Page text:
Monday, January 23, 2006

A Correction but Not a Retraction. When the House was Really a Plantation

That will teach me to write off the top of my head about a story I lived through but didn’t research after passage of 45 years to check the facts! A Mr. Fake Name wrote the other day commenting on my post concerning Adam Clayton Powell. I wrote that the African American Powell was unhorsed by the Democratic rulers of the House plantation when Sam Rayburn was Speaker. Not so: it was John McCormack of Massachusetts. The identity of the Speaker was a technical error but the expulsion was done by the Democratic plantation was the same: dominated by southern committee chairmen. I apologize for being sloppy. But Mr.Fake Name is not 100 percent right, either. In fact, if I may say so, I was nearer to being right than he was with his well-deserved acerbic correction of me, for which I thank him.

Long a bone in the white Democratic leadership’s throat, Powell had collected sufficient enemies at a time when blacks didn’t count for much in the Democratic hierarchy and after a number of public relations gaffes including closet support of some Eisenhower measures in the `50s, including covert support of Eisenhower himself in 1956. If Powell got involved in a lawsuit of a woman who claimed he had wrongly accused her of collecting police graft (as I’m sure he did), it did not strike a well-respected history of the Congress to be recorded as a reason for his being unhorsed. Assuredly, as Mr. Fake Name accurately reports, Powell refused to pay the damages. But to suppose that he was unhorsed because of the law-suit is to imagine that no white chairman had ever been caught before in a suit without surrendering his post in Congress.

“The American Heritage History of the Congress of the United States” edited by Stephen W. Sears [American Heritage: 1975] reported “Powell, a tall, ruggedly handsome man, had been in and out of the headlines with tax and personal problems but members charged him particularly with long absences, use of public funds for personal travel and high-handed leadership of his committee. After an inquiry, the House, on March 1, 1967 voted to declare Powell’s seat vacant. Though his constituency immediately reelected him, Powell made no effort to reclaim his seat but took his case to court. The next year he was again reelected and when the Ninety-First Congress met early in 1969 he was permitted to take his seat but fined $25,000 and stripped of his seniority. In June of the same year, the Supreme Court ruled that he had been improperly excluded from the House in 1967. Powell served the rest of his term but was defeated in a primary in 1970.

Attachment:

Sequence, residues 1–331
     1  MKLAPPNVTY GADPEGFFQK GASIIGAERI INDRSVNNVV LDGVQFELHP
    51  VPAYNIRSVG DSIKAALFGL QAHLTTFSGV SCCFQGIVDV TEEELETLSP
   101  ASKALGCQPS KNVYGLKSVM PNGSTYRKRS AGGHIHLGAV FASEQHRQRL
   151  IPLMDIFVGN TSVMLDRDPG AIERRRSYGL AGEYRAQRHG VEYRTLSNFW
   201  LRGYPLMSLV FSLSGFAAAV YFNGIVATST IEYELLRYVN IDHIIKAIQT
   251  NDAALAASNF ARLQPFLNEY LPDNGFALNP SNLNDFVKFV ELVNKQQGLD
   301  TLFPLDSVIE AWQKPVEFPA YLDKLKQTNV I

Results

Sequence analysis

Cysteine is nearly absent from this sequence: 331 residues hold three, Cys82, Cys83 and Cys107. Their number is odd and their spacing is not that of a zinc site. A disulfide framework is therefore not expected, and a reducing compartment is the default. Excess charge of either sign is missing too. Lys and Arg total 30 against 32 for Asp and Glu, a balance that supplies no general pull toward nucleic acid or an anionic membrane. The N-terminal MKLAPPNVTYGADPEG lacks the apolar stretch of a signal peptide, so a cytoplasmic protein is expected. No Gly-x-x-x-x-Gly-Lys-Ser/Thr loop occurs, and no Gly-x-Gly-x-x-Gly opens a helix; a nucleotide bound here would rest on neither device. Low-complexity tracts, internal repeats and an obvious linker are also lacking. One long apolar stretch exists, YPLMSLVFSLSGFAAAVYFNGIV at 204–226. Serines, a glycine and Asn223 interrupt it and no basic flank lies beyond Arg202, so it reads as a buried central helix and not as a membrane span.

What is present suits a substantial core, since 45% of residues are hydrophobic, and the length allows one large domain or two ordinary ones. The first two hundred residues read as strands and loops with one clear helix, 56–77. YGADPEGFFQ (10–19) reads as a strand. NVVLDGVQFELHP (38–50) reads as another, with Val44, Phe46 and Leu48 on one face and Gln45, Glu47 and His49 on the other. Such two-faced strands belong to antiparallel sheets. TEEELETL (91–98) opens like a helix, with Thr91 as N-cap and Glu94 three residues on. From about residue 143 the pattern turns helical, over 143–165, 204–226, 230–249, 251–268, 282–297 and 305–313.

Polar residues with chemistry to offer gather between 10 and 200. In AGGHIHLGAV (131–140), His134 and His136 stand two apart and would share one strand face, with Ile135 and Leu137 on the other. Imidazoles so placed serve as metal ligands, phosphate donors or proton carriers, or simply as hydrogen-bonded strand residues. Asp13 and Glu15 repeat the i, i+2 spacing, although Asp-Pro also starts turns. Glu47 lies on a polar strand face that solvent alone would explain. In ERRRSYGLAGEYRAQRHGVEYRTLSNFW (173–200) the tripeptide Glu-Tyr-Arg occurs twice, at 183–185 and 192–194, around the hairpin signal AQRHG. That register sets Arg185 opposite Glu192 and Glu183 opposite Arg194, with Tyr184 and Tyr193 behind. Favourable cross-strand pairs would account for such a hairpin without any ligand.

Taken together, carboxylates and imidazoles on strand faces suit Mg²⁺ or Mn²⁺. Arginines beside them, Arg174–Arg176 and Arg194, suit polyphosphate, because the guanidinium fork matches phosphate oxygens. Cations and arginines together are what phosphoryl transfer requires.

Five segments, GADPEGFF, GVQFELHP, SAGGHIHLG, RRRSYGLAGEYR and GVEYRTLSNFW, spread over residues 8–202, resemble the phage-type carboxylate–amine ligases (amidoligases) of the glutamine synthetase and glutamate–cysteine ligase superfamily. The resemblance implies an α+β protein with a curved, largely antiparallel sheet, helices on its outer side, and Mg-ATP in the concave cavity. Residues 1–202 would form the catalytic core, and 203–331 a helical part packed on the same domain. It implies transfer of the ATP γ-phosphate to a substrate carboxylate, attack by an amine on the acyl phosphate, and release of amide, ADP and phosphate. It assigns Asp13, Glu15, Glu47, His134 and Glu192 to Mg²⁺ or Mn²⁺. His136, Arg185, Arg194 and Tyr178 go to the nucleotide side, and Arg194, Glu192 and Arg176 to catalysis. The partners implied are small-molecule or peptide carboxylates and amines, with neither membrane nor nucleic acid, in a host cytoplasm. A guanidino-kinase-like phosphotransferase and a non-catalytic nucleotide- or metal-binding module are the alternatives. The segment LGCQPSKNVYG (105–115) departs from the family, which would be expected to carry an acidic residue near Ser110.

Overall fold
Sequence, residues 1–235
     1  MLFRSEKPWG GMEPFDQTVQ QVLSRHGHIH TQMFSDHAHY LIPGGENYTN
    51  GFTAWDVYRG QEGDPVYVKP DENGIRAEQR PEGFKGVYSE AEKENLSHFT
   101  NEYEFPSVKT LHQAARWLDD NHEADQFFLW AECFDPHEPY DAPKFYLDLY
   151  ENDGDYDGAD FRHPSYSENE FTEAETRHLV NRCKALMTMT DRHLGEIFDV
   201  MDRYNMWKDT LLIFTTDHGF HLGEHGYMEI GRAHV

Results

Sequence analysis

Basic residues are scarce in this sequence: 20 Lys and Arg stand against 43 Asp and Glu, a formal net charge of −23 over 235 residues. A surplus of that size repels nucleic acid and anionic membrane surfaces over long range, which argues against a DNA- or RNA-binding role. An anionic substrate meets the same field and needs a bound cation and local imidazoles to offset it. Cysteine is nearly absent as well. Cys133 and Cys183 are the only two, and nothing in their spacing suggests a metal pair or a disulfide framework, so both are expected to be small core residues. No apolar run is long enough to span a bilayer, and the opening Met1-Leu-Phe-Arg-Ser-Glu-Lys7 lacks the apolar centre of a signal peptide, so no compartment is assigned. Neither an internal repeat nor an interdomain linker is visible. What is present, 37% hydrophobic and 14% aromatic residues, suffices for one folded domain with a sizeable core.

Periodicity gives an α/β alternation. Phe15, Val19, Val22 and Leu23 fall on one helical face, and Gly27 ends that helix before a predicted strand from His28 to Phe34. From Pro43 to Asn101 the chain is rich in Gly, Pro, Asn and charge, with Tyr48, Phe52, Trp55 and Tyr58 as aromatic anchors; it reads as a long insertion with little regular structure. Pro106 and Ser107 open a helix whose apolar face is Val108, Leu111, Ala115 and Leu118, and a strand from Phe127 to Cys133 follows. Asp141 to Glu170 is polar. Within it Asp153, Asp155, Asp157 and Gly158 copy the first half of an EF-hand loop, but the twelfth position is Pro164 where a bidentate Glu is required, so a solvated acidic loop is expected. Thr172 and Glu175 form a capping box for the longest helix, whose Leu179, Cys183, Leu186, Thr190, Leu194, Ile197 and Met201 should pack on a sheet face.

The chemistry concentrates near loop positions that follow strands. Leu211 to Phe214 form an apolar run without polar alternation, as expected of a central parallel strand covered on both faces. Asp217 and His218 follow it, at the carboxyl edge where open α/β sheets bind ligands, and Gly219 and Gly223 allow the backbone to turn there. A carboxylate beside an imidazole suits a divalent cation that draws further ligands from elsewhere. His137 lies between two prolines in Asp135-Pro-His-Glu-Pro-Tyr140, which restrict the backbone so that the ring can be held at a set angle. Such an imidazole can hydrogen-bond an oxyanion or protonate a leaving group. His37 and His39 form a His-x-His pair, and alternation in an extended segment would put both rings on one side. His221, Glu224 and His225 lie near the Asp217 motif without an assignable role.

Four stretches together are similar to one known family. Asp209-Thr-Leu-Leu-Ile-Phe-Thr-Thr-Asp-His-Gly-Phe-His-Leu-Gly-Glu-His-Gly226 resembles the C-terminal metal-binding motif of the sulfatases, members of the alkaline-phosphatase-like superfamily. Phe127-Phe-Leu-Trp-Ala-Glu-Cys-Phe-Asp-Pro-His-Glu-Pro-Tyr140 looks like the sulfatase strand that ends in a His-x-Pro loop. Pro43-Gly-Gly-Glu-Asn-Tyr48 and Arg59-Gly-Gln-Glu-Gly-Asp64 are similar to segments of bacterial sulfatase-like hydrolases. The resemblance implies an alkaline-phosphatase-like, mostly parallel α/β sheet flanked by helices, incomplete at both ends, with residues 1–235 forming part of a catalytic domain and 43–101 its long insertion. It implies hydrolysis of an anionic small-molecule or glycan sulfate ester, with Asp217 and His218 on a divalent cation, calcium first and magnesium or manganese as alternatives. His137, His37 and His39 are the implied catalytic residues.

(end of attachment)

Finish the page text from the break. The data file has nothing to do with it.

The fact that Powell was charged with long absences was blatantly discriminatory against Powell as recorded by many journalists of the day including Drew Pearson and Jack Anderson as well as for those of us who recalled Howard (Judge) Smith leaving the chairmanship of the Rules committee ostensibly to look after his apple orchard in Virginia, precisely when civil rights legislation was languishing before Rules. Or when Armed Services chairman L. Mendel Rivers of South Carolina was too drunk to preside (and he with a loaded revolver he carried with him at all times!). Or when Teddy Green of Rhode Island, who at 91 was chairman of Foreign Relations, would nod off and turn off his hearing aid at some sessions so as not to be disturbed. The point is that those were the days when the Congress, particularly the House was truly a plantation. Thus I stand contrite but unbowed.

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